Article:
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I have a EDI file ...i want to test it ....so when I open it it opens in an EXCEL file,....there is some data I want to change....

BGS~EGI~PG~265\TIA~5008~~~16796~GA\BGS~EGI~PG~360\TIA~5008~~~22827~GA\BGS~EGI~PG~528\TIA~5008~~~18304~GA\

TO

BGS~EGI~PG~265\TIA~5008~~~0~GA\BGS~EGI~PG~360\TIA~5008~~~0~GA\BGS~EGI~PG~528\TIA~5008~~~0~GA\

Can it be done on EXCEL and the changes reflect in the EDI sheet?If do that in EXCEL and save ....how to save it?I did that but did not know which format to Save....xlt/xls/ etc. I save it as .xlt format.Is that the correct way?

Further the cursers just goes hay way when i click on a cell. How to control the cell?

pLEASE HELP

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Hi, EDI is a text format so you are free to change it with notepad, vi, ultraedit, jedit or whatever text editor you want; I think that changing it with Excel is not the best choice. – ATorras Sep 21 '09 at 15:50
    
so can i open it in note pad and change and save it as EDI? – vas Sep 21 '09 at 15:54
    
so i edidted it in note pad and saved it as .edi ...it is ok right? – vas Sep 21 '09 at 16:06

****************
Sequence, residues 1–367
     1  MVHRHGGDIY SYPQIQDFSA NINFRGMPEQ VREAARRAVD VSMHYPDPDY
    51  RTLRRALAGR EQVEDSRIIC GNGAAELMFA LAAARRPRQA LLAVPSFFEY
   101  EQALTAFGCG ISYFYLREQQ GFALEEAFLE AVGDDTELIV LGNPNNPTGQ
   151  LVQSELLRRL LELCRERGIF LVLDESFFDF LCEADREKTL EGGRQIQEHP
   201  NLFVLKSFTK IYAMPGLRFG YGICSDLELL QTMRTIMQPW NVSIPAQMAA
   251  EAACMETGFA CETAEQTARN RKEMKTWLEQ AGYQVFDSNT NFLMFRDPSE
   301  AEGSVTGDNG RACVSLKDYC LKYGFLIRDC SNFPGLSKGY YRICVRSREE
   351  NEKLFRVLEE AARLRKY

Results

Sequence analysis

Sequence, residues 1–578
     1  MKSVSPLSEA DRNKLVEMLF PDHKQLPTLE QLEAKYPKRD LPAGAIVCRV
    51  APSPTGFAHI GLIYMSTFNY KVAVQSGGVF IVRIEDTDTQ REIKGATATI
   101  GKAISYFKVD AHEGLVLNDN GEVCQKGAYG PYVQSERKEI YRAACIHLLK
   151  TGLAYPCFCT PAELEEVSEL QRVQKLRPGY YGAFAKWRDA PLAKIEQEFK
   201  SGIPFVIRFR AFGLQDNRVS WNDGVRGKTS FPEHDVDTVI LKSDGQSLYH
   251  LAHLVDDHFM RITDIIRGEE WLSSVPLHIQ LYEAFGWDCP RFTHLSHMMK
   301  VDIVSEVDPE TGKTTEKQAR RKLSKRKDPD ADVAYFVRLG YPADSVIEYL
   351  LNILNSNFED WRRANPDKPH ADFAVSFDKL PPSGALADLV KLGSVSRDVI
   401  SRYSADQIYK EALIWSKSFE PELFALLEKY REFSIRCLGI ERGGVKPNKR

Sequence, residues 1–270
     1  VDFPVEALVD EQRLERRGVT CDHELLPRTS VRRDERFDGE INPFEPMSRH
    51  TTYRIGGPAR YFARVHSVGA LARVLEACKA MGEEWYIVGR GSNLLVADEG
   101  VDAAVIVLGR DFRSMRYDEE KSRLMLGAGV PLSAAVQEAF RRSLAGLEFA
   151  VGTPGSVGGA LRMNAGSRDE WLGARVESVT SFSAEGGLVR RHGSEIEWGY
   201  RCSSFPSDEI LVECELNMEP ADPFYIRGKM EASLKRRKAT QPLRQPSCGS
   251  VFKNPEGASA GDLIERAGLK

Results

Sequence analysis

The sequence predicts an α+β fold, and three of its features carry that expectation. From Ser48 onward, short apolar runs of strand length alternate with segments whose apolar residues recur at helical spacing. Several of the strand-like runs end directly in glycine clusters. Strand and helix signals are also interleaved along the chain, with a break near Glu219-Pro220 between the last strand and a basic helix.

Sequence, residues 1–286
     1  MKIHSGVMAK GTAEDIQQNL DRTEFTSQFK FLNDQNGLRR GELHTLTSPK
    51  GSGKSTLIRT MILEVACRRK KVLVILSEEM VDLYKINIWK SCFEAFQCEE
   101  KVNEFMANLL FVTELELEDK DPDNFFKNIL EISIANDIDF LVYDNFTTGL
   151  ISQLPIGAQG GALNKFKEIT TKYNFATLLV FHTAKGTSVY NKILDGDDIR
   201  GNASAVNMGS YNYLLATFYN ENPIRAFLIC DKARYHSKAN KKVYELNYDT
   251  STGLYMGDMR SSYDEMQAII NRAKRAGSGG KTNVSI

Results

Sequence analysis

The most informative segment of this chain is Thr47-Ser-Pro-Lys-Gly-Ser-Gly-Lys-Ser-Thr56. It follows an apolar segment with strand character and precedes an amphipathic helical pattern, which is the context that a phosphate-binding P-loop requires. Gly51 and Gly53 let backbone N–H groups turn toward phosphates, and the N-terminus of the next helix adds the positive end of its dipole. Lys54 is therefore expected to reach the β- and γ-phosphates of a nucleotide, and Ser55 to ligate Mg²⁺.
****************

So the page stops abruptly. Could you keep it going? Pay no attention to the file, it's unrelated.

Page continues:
TrueWill answered you and extended the information. I would preserve the previous extension (plus a previous backup). – ATorras Sep 21 '09 at 18:03
up vote 3 down vote accepted

ATorras is on the right path. EDI is sort of a text format. I'd call it more of a binary format. (There's also XML EDI, but that's not what you're dealing with here.)

Depending on the size of the file, you may run into line limits in some editors. Others may be adding line breaks that may or may not cause issues with some EDI translators.

You can have EDI files with binary delimiters (such as segment terminators). This is not common, and it doesn't look like the case with your test data.

The file extension only matters to the translator or other software that's trying to find/send the EDI file. Basically you don't want to change the original extension.

I don't remember what the standards are for Unicode, etc., so that may be a concern in some cases. You'll want to preserve whatever encoding the original file uses.

Short version: Most of the time you can get away with using Notepad, vi, etc. Sometimes you can't. If you have access to dedicated EDI tools for parsing/editing/translating, use those. Never use Excel or Word. Always make a backup of your original first. Verify that your trading partner is getting what you expect.

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thnx for the rwply.....but editing in notepad is too cumbersome.... a lot of data crammed in so little of spce.. how 2 deal with it? – vas Sep 21 '09 at 17:39
    
I think that jEdit doesn't support it yet: no "edi", "edifact" nor "iftdgn" edit-modes :( – ATorras Sep 21 '09 at 18:06
    
I'm not familiar with the current crop of products; we rolled our own EDI software Back In The Day. Searching Google for "edi editor" provided a number of hits, some of which appeared to be free. Perhaps other posters can recommend one or more. – TrueWill Sep 21 '09 at 20:34
    
Thanks Will!It was truly nice of you. – vas Sep 22 '09 at 1:17

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